Lobbying law to impose year’s cooling-off period for departing public servants

Registration of Lobbying Bill may need ironing out, says Howlin

Minister for Public Expenditure and Reform Brendan Howlin said it would be “interesting to see how this legislation rolls out in practice”. Photograph: Eric Luke

Minister for Public Expenditure and Reform Brendan Howlin said it would be “interesting to see how this legislation rolls out in practice”. Photograph: Eric Luke

 

Legislation to regulate lobbyists has been passed in the Dáil and now goes to the Seanad. Minister for Public Expenditure and Reform Brendan Howlin said: “In plain English, it is attempting to influence decision-making.”

The long-awaited Registration of Lobbying Bill was introduced last year and the Minister said it would be “interesting to see how this legislation rolls out in practice. We will probably have to iron out a few bumps when we see it being implemented.”

Sinn Féin deputy leader Mary Lou McDonald, who described the Bill as “groundbreaking”, said it was “also long overdue”.

During the debate she called for restrictions for two years on post-term employment as a lobbyist for TDs, Senators, Members of the European Parliament and councillors.

She believed they should not be exempt from such restrictions, “including the requirement on a person to obtain pre-authorisation by way of an application to the Standards in Public Office Commission if they want to take up employment as a lobbyist within two years of leaving public office”.

Commercial interests

She said a two-year restriction would provide a proper time margin “to protect the public from influence-peddling for hire. I do not believe such a longer period would be excessively onerous.”

But Mr Howlin said however that a one-year cooling off period was an “appropriate and practical provision”. While it was right and proper to impose restrictions on post-term employment on relevant designated public officials,” those constraints must be proportionate, must not trample on people’s rights and must be practical to operate.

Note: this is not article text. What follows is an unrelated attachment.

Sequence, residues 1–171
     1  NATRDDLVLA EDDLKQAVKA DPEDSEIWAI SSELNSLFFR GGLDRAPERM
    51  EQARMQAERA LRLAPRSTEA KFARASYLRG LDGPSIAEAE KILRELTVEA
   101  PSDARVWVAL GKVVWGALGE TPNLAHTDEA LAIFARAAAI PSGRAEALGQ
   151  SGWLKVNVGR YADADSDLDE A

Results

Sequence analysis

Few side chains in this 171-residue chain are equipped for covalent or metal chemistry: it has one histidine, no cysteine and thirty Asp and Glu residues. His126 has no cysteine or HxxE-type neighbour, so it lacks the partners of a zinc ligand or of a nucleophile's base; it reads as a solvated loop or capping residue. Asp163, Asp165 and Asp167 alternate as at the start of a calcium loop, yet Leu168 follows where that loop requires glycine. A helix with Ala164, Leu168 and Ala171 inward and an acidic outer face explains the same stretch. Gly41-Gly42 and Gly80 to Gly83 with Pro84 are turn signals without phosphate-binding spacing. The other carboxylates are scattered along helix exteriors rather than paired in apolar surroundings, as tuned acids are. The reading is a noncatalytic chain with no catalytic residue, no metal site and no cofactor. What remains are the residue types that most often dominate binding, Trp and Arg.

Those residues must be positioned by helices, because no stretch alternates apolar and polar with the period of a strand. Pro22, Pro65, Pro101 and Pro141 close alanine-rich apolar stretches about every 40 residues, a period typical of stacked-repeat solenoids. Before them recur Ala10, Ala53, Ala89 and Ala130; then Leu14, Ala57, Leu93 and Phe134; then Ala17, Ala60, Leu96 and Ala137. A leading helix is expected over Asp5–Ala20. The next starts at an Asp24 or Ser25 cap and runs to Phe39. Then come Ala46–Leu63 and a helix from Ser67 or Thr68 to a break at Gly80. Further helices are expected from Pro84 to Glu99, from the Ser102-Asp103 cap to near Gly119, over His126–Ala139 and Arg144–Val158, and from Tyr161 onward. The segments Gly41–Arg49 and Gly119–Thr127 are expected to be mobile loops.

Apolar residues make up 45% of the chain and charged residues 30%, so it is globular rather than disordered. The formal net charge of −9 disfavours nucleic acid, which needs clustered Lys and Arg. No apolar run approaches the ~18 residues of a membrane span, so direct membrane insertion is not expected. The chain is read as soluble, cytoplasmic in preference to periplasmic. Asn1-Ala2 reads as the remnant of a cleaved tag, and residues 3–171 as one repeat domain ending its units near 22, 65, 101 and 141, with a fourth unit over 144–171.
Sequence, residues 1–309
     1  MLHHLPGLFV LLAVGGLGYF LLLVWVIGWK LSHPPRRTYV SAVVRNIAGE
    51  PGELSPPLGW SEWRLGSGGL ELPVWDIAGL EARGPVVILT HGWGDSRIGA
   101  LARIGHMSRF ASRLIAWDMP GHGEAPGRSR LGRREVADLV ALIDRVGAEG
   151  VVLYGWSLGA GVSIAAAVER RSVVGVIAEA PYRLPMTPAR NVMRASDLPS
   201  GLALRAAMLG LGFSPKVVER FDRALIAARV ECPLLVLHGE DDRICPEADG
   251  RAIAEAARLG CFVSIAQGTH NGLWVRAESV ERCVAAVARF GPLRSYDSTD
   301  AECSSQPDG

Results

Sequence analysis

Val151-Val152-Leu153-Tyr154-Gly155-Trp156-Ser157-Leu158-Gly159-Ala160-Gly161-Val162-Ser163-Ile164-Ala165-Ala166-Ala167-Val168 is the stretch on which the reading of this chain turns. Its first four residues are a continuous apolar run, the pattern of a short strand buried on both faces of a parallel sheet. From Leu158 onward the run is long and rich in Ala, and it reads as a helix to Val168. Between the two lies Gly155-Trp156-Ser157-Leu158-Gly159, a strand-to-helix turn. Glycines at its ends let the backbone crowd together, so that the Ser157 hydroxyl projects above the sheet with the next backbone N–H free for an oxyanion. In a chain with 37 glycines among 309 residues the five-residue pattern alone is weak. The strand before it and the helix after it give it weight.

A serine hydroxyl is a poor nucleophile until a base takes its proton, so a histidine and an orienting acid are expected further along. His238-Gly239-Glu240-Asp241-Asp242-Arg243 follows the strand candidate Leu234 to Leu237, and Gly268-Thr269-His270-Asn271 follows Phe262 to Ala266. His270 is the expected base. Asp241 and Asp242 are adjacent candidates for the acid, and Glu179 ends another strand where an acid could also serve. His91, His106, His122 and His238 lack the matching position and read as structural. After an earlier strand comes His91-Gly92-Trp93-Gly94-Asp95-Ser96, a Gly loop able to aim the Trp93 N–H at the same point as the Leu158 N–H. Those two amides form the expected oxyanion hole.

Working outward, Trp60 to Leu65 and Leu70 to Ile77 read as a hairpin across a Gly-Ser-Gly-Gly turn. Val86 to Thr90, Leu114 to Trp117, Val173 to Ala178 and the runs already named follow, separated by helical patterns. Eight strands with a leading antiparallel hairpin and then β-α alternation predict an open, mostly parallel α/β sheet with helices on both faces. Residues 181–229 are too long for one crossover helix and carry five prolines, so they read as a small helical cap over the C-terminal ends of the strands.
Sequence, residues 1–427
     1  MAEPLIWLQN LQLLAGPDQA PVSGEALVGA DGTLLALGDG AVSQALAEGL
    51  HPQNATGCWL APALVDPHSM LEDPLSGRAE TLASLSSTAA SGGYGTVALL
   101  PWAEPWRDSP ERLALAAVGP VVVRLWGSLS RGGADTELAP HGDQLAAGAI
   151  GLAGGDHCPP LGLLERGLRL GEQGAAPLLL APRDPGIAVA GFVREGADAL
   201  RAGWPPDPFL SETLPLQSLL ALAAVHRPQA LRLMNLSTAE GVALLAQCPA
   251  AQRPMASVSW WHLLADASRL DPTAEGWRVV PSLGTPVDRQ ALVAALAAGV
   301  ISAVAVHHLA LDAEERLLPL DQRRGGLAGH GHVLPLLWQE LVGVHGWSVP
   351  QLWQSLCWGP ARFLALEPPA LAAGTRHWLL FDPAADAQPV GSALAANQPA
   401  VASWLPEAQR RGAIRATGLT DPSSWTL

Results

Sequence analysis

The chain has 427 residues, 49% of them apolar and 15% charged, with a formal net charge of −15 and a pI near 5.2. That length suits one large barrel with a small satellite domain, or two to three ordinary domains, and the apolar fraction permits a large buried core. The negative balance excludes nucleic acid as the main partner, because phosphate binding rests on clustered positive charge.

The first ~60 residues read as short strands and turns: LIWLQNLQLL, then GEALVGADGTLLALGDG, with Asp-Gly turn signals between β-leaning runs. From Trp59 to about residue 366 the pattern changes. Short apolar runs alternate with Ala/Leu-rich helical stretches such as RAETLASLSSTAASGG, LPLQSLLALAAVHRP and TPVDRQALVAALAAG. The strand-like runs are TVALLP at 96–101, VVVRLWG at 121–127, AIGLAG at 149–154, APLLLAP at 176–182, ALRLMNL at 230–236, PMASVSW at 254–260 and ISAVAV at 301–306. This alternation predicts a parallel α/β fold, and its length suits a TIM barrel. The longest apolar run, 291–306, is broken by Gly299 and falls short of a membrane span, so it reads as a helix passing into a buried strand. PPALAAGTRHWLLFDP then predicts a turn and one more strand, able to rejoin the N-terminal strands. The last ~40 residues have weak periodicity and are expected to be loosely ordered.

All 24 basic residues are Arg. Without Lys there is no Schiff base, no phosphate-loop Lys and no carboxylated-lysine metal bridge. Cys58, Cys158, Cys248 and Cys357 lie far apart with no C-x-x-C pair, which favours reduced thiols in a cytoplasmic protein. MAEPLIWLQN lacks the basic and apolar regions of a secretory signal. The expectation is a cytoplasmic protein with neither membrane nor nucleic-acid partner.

He added, however, that this “is the first time such restrictions have been brought in”.

If we feel they need to be adjusted over time that is well and good. I think this is a very good starting point.”

Fianna Fáil public expenditure and reform spokesman Seán Fleming criticised as too broad provisions that excluded communications from the legislation of designated public officials related to the functions of the public service body they are employed by.

‘Old thinking’

He believed there was still a hangover of this attitude in the planning area. “It is essentially one law for public bodies and a different law for everybody else. The essence of what is exempted should be based on the substance and not on who is making the actual communication.”

He said he would like to see the Bill more tightly drafted. “I understand it should not interfere with the proper working of the organisation, but we have expanded it too much in terms of exemptions.”

Mr Howlin said, however, that it had to be practical and he was anxious “to make sure it works”. He said they were talking about lobbying, and “not every piece of communication that happens between staff in a local authority or Government department is lobbying.”

He said that “if everything is reported, registered and so on, real lobbying would be difficult to identify”.